Aces on Bridge — Daily Columns

The Aces on Bridge: Sunday, August 30, 2009

Dear Mr. Wolff:

My RHO opened one club and raised his partner’s one-heart response to two hearts. Now if I double, or bid an unusual two no-trump, am I showing a good hand or merely the unbid suits?

—  Unbalanced, Jackson, Miss.

ANSWER: My view is that IF your LHO is unlimited, then an action in a live auction as opposed to a balancing bid shows a good hand short in LHO’s suit, and probably long in RHO’s suit. After all, why would you pass, then bid in a live sequence, unless you had a good hand? And if you do have a good hand, it must have length in RHO’s suit or you would have acted at once.

Dear Mr. Wolff:

In second seat I held —, A-J-4-3-2, J-10, A-K-Q-10-4-2. After my RHO opened two clubs, what do you recommend I do now? I chose to bid up to five clubs on my own, but sold out to five spades. We could have made 11 tricks in clubs and 11 or 13 in hearts, depending on whether the opponents cashed their diamond tricks!

—  Psyched Out, Holland, Mich.

ANSWER: When you see a two-club opening in front of you, you KNOW deep down that the call is based on long spades and not necessarily on high cards. Bid your clubs, then your hearts, and dare them to double you! I’d compete freely to the five-level — but let partner do more if he wants.

Dear Mr. Wolff:

What method do you recommend I use in response to a balancing no-trump call from my partner? We play a range of about 10-15 points for that call, so simply asking for high-card strength does not get the job done. Is it sound to use such a wide range for this call, by the way?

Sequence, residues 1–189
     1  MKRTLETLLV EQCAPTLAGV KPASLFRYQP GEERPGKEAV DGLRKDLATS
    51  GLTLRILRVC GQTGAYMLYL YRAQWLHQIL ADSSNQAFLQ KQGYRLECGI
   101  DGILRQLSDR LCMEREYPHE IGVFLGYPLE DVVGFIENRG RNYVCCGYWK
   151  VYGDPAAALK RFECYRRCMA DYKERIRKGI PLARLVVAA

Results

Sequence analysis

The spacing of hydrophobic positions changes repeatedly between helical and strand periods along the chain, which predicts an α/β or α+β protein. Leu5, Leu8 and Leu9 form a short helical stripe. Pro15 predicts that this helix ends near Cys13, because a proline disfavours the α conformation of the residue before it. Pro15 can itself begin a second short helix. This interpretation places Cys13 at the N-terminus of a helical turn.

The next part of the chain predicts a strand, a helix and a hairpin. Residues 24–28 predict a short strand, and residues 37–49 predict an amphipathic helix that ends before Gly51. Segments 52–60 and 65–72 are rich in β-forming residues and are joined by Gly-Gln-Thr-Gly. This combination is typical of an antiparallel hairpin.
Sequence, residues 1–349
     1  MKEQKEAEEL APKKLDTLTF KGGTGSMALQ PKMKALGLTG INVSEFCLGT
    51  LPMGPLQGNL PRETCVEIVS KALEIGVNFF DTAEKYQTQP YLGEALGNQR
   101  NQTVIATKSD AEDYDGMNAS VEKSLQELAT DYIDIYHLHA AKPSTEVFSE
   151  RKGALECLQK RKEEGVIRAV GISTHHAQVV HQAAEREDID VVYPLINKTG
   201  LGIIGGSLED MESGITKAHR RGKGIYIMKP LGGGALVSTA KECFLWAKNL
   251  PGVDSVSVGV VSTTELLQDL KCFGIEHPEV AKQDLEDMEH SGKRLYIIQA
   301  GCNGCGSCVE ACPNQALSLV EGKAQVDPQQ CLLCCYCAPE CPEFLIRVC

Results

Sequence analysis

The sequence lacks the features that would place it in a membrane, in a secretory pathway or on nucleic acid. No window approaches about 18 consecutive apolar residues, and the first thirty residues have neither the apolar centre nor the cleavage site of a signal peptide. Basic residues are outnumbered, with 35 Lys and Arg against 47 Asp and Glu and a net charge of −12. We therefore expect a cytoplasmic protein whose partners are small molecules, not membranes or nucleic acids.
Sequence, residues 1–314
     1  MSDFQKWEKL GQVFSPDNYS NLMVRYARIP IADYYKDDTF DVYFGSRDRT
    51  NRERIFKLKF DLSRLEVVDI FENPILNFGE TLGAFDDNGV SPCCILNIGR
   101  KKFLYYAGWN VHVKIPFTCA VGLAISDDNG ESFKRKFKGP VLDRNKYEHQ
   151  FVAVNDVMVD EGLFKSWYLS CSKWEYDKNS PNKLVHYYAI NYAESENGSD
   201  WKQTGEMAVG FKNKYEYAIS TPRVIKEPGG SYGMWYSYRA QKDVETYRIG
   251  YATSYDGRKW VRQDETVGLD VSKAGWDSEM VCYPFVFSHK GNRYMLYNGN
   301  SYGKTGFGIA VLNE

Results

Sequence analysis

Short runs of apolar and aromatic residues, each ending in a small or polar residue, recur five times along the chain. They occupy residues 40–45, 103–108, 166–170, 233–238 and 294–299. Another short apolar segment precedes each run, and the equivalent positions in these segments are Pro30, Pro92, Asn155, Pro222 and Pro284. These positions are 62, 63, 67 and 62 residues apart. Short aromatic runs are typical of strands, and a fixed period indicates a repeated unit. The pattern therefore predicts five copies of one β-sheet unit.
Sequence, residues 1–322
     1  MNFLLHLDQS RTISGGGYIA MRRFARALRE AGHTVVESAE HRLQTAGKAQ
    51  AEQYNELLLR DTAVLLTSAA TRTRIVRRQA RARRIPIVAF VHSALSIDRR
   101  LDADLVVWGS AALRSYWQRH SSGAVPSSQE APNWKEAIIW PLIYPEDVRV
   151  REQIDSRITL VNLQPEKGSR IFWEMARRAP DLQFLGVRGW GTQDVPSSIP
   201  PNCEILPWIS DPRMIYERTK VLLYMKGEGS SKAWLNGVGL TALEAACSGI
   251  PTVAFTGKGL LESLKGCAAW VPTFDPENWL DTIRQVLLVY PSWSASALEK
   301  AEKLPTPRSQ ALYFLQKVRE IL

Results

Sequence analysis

—  Range-Finder, Miami, Fla.

  ANSWER: Yes, a wide-range balancing no-trump is fine. A method of responses I learned 25 years ago suggests that a two-club response to a balancing no-trump gets the balancer to bid two diamonds with any hand in the 10-11 range. Any other call at the two-level shows 12-13 and is natural. With 14-plus, he makes a natural call at the three-level.


Dear Mr. Wolff:

My partner opened one club and my RHO passed. With 18 points and six diamonds, I bid one diamond, thinking that a new suit by responder was forcing unless there was interference from my LHO. My partner passed and we were stuck there, making 11 tricks. Should I have jump-shifted to let her know my count? I was trying to see if we had a slam.

—  Left in the Lurch, Ketchikan, Alaska


ANSWER: As you said, a new suit by an unpassed responder in just about any auction is FORCING — not necessarily strong, but forcing nonetheless. Indeed, even if your RHO had bid, a new suit by you would be forcing (except if the intervention was a bid of one no-trump). The only rare exception to the concept of a new suit being forcing would be a natural call by opener or responder after their partner’s bid or rebid of one no-trump.


Dear Mr. Wolff:

I was dealt A K-J-3-2, Q-4-3, 5-3, J-10-4. My partner opened one club, to which I responded one spade. Over his reverse of two diamonds, I repeated my spades, which we play as forcing for one round, and now my partner bid three spades. Is my hand too good for a bid of four spades? If so, what are my options?

—  Upward Bound, Torrance, Calif.


ANSWER: A simple raise to four spades looks like a slight underbid, but your options are limited since you do not really want to go past four spades under your own steam. Maybe a bid of four clubs just shows support here rather than a control. If so, that would really be the only mainstream choice.


If you would like to contact Bobby Wolff, e-mail him at Reproduced with permission of United Feature Syndicate, Inc., Copyright 2009.